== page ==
U.S. and China

Visitor (not verified)
anonymous user
Registered: 12-31-1969
U.S. and China
5
Thu, 09-16-2010 - 9:20pm

I'm not sure if this is something you'd like to discuss, but I'll throw it out there :)

What is causing tension between U.S. and China?
A snapshot of some of the issues surrounding the bumpy relationship between the U.S. and china

Andrew Quinn, Washington, Reuters, Sep. 16, 2010

U.S. Treasury Secretary Timothy Geithner sharpened his criticism of China’s exchange rates on Thursday at a congressional hearing on Beijing’s currency policy, one of a lengthening list of issues sparking tension between the two countries.

Below are some questions and answers about the U.S.-China relationship, which is growing more fractious as the two huge powers jostle for political and economic influence around the world.

HOW IMPORTANT IS THE RELATIONSHIP?

U.S. President Barack Obama has said the U.S-China relationship will shape the 21st Century, and on nearly every front that is already happening.

Trade between the two countries is flourishing, cross-border investment is increasingly a two-way street and Washington and Beijing are taking halting steps toward diplomatic cooperation on issues such as Iran’s nuclear program and the stand-off with North Korea.

The two have squared off over the future of the Internet, the military balance in East Asia, human rights and climate change.

The breadth of the relationship has led some commentators to predict that China and the United States will ultimately become a “Group of 2,” setting the global agenda and sidelining the Group of 20 which includes a broad range of developed and developing countries.

Neither the United States nor China has embraced this idea, a notion which alarmed some of their traditional allies.

But it is clear that their uneasy partnership will continue to deepen and grow more complicated as the leaders of the world’s largest economy and the world’s fastest growing economy seek to figure out the road ahead.

WHAT IS THE CURRENCY DEBATE ABOUT?

Many U.S. lawmakers have charged that China has engineered its economic rise in part by keeping its currency, the yuan, artificially low against the U.S. dollar - an accusation that Beijing rejects.

But the U.S. trade deficit with China is projected to approach $250-billion (U.S.) this year, and U.S. manufacturers say the yuan needs to appreciate by as much as 25 per cent to 40 per cent to level the playing field.

Political debate over the currency issue has complicated Mr. Obama’s efforts to smooth relations with Beijing. While the White House has urged China to take steps to allow the yuan to move more freely, it has stopped short of officially labeling China a currency manipulator, a designation which could lead to possible trade sanctions.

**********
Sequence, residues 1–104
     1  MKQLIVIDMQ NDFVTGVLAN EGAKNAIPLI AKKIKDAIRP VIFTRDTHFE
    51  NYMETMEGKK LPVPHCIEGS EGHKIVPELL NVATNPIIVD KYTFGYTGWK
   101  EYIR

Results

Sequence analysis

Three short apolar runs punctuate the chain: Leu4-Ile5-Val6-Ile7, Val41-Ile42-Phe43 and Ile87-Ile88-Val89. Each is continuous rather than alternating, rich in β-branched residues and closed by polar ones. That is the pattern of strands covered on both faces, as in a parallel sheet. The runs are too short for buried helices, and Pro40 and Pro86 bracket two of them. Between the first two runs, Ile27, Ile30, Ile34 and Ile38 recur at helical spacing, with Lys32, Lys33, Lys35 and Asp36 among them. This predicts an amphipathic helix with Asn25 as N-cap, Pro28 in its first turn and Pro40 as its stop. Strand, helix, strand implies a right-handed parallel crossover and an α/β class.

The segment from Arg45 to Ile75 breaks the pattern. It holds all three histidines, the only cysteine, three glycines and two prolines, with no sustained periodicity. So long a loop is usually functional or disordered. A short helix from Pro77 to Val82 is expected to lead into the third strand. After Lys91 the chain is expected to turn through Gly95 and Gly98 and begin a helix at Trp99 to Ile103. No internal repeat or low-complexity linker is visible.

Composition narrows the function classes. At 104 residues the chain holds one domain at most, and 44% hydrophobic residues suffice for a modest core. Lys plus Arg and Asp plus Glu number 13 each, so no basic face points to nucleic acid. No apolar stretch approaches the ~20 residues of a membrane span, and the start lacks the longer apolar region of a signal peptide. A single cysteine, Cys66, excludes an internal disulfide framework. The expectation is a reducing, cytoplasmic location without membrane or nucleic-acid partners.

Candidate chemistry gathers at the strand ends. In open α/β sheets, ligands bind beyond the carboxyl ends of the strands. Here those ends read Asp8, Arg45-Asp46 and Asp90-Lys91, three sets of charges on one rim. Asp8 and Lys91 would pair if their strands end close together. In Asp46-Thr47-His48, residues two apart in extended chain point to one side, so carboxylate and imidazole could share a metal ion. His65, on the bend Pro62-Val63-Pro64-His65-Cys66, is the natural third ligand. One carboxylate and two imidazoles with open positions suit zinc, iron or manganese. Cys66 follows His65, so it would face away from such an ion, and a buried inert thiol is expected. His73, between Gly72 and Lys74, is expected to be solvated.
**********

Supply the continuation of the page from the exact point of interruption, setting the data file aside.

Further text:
With U.S. voters already frustrated by the struggling economy and stubbornly high unemployment rate near 10 per cent, the China currency issue has heated up as Mr. Obama’s fellow Democrats brace for possibly large losses in the Nov. 2 congressional elections.

The hearings this week at the House Ways and Means, and Senate Banking committees, could result in calls for tough new legislation to punish China. But many analysts say this is a risky approach, which could backfire if China retaliates against U.S. exporters seeking to expand in the world’s most populous country.

The U.S. dollar itself is also a hostage to the debate. China’s huge $2.45-trillion pile of foreign exchange reserves are almost two-thirds in U.S. dollars, giving Beijing a powerful lever over the dollar’s value should it decide to make significant changes.

SIGN OF BROADER PROBLEMS?

Officials in both Washington and Beijing have tried hard to isolate the currency issue, and vowed it would not harm cooperation on other fronts.

There have been some signs that this is working. The United States lobbied successfully for China to back new UN sanctions against Iran over its nuclear program, overcoming Beijing’s usual reluctance to support punitive measures against one of its key oil suppliers.

China has also cooperated to some degree on North Korea, although progress here has been slower.

Beijing - the only major ally of Pyongyang’s isolated communist government - has urged North Korea to abandon its nuclear weapons and supported U.N. sanctions over North Korea’s atomic violations.

Beijing has also hosted six-party talks with North and South Korea, the United States, Japan and Russia in a bid to resolve the impasse. Those talks stalled in 2009, however, and the issue was further complicated in March when a South Korean naval ship was sunk in what both Seoul and Washington say was a North Korean attack.

Despite heavy U.S. pressure, China stopped short of blaming North Korea for the incident and it is unclear whether the talks can resume soon, as Beijing hopes.

China and the United States are also divided over proposals to fight global climate change - another Obama priority - with Beijing saying the developed world should take the lead in cutting carbon emissions.